pressure groups etc) 2. A DC has mechanisms of intercommunication among its members 2a. Little change, but for new digital channels, interactive websites, blogs, Twitter, texting etc. (So subscribers to the NYT or Direct TV are not members of a discourse community.) 3. Uses it participatory mechanisms to provide information and feedback

Always sadly incomplete. 3a. Uses its participatory mechanisms to manage the operations of the DC and to promote (usually) change, growth and development and to orchestrate (rarely) retrenchment and demise. As Jim Martin said Genres are how things get done when words are used to accomplish them. 4. A DC utilizes and hence possesses one or more genres in the communicative furtherance of its aims. (Possesses?)

4a. A DC utilizes an evolving selection of genres in the furtherance of its sets of goals and as a means of instantiating its participatory mechanisms. These sets of genres are often particularized. (The genres are performed, re-performed and refined, but rarely owned (i.e. uniquely theirs.). (The Friday afternoon get-together: Happy Hour; Birthday Celebrations; the 4 p.m. Departmental seminar; Help Please and Progress. ) 5. In addition to owning genres, it has acquired some

specific lexis. 5a. A DC has acquired and continues to refine DCspecific terminology. Classically, these consist of abbreviations and shorthands of all kinds, not excluding things like The tuna sandwich in the corner wants a refill; the meatloaf is 86-ed. (In the older ELI; A new student may be described as She looks like a 73 across the board. Code 236 on floor 6. 6. A DC has a threshold of members with a suitable degree of relevant content and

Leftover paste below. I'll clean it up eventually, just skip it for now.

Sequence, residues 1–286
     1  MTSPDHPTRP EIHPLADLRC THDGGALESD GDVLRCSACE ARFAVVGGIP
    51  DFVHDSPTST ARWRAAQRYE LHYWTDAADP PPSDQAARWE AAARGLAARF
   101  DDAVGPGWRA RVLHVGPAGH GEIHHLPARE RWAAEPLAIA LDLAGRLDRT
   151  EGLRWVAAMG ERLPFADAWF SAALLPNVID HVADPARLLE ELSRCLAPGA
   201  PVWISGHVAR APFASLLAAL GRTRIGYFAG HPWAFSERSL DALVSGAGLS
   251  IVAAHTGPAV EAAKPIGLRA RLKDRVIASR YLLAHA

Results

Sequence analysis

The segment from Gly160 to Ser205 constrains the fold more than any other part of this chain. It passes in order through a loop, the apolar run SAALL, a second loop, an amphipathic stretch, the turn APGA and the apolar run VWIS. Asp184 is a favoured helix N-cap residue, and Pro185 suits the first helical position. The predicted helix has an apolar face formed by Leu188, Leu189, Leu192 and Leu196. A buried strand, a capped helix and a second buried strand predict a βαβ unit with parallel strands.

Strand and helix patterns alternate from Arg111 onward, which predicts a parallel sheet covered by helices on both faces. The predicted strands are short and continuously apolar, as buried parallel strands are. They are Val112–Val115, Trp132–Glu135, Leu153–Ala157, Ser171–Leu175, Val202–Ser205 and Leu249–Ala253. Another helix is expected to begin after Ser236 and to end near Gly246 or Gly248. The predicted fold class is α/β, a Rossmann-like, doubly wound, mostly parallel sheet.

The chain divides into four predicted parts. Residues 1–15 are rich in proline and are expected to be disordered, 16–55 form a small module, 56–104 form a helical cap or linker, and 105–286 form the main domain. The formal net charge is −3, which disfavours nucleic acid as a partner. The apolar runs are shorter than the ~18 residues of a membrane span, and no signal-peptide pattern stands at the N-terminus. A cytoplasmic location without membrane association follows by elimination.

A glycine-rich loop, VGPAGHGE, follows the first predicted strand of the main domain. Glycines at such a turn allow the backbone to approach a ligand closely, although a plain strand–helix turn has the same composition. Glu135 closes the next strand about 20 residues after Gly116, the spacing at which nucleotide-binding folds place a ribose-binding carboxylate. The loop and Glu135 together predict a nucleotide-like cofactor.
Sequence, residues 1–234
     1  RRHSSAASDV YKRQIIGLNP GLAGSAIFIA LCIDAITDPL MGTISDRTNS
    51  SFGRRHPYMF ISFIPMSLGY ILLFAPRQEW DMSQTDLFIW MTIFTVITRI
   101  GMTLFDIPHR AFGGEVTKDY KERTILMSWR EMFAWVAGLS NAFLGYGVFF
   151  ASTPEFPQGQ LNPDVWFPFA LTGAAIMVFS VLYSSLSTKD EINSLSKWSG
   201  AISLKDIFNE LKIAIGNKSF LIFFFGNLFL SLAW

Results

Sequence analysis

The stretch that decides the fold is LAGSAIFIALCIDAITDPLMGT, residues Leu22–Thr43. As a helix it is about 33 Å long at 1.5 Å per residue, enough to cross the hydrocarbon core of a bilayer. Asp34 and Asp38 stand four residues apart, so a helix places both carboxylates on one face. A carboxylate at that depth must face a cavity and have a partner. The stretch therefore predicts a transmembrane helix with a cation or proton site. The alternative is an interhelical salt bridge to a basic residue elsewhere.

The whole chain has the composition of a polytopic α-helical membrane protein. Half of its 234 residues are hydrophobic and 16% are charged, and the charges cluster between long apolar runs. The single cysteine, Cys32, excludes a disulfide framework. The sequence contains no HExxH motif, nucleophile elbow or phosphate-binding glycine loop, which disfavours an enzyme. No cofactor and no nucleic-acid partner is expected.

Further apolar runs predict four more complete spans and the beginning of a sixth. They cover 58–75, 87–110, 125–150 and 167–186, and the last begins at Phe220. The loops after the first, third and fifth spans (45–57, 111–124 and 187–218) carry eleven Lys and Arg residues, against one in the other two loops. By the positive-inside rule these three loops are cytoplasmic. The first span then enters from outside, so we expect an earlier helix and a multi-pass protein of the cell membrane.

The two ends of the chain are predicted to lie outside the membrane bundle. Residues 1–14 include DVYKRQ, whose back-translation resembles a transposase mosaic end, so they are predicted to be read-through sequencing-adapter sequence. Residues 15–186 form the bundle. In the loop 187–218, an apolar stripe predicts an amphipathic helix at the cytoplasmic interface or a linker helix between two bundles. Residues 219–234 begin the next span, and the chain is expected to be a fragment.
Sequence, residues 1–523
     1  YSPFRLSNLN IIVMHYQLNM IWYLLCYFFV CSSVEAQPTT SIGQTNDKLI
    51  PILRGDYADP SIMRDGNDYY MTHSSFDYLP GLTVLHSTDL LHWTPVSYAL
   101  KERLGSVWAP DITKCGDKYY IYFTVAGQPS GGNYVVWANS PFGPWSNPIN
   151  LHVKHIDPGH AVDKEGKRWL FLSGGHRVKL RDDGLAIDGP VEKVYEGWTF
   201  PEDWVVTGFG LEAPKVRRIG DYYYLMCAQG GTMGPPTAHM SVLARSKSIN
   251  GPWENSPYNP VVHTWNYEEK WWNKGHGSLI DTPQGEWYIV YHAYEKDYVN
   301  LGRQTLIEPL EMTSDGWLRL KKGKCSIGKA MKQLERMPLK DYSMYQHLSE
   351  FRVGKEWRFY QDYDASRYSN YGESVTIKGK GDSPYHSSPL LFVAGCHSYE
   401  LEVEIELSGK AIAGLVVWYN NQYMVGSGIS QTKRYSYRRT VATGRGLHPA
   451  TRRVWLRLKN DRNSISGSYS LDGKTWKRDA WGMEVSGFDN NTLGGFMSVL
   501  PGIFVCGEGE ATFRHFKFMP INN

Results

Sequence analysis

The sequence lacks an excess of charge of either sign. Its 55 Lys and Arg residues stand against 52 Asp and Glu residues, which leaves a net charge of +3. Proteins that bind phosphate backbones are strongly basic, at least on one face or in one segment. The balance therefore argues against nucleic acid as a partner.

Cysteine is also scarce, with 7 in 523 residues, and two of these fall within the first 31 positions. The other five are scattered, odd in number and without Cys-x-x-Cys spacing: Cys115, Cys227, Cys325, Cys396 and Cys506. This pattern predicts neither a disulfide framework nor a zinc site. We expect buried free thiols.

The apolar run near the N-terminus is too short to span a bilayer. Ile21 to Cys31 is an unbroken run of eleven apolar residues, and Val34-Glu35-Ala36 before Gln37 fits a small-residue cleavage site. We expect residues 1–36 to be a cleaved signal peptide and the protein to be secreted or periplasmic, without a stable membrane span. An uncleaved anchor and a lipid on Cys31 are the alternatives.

discoursal expertise. 6a. A DC has an explicit or implicit hierarchy and/ or structure which, inter alia, manages the processes of entry into and advancement within the discourse community. 7. A DC develops a sense of silential relations (Becker) whereby there is a sense of things that do not need to be said or do not need to be spelled out. (Members of a Bridge Club)

Discovery of a new (larger) mammal Discovery of a new bird Bunchosia itacarensis W R Anderson, sp. nov. Type: Brazil. Bahia: Mun. Itacar, 3 km S of Itacar, forest at edge of ocean, Dec fl, Mori et al. 13081 (Holotype: MICH! CEPEC, NY, not seen). 8. A DC develops horizons of expectation, defined rhythms of activity, a sense of its history, and value systems for what is good and less good work. (Stocktaking on Tuesdays; Artsoppa on Thursdays)

In NUBS (!) The Computer Center: A shelf-life of months The ELI: Several years The Herbarium : Several decades A DC example: NABA A complex website: Mission Statement, Shop, Interactive feature (hot seens), political action (saving the Miami Blue) An annual convention

A quarterly journal An embryonic National Butterfly Center in Mission, Texas Local chapters (few but growing) NABA butterfly counts NABA Butterfly Counts: Annual Report 335. Wake Co., NC. Yr 17, 35.8563, -78.6599, center at Shelley Lake Park. See 1995 report for habitats. Habit changes since last year. Arboretum annual beds were moved but remain available. 31 August 2011; 0900-1700 hrs; sun AM & PM 76-100%; 65-88F;